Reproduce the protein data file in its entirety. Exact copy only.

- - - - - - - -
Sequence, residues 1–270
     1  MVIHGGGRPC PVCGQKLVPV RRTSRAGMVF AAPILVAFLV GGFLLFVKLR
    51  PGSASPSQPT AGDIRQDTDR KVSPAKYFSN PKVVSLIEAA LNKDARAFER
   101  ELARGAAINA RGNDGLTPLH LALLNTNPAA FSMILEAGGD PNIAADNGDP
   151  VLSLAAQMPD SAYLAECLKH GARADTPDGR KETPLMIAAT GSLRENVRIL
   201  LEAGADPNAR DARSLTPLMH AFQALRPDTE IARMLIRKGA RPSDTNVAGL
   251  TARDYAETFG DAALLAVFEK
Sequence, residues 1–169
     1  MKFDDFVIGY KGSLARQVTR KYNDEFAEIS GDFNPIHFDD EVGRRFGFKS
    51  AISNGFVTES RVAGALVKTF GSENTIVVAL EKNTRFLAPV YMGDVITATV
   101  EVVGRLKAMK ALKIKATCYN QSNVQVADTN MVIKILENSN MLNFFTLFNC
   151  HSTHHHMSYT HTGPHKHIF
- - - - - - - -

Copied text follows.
Sequence, residues 1–270
     1  MVIHGGGRPC PVCGQKLVPV RRTSRAGMVF AAPILVAFLV GGFLLFVKLR
    51  PGSASPSQPT AGDIRQDTDR KVSPAKYFSN PKVVSLIEAA LNKDARAFER
   101  ELARGAAINA RGNDGLTPLH LALLNTNPAA FSMILEAGGD PNIAADNGDP
   151  VLSLAAQMPD SAYLAECLKH GARADTPDGR KETPLMIAAT GSLRENVRIL
   201  LEAGADPNAR DARSLTPLMH AFQALRPDTE IARMLIRKGA RPSDTNVAGL
   251  TARDYAETFG DAALLAVFEK
Sequence, residues 1–169
     1  MKFDDFVIGY KGSLARQVTR KYNDEFAEIS GDFNPIHFDD EVGRRFGFKS
    51  AISNGFVTES RVAGALVKTF GSENTIVVAL EKNTRFLAPV YMGDVITATV
   101  EVVGRLKAMK ALKIKATCYN QSNVQVADTN MVIKILENSN MLNFFTLFNC
   151  HSTHHHMSYT HTGPHKHIF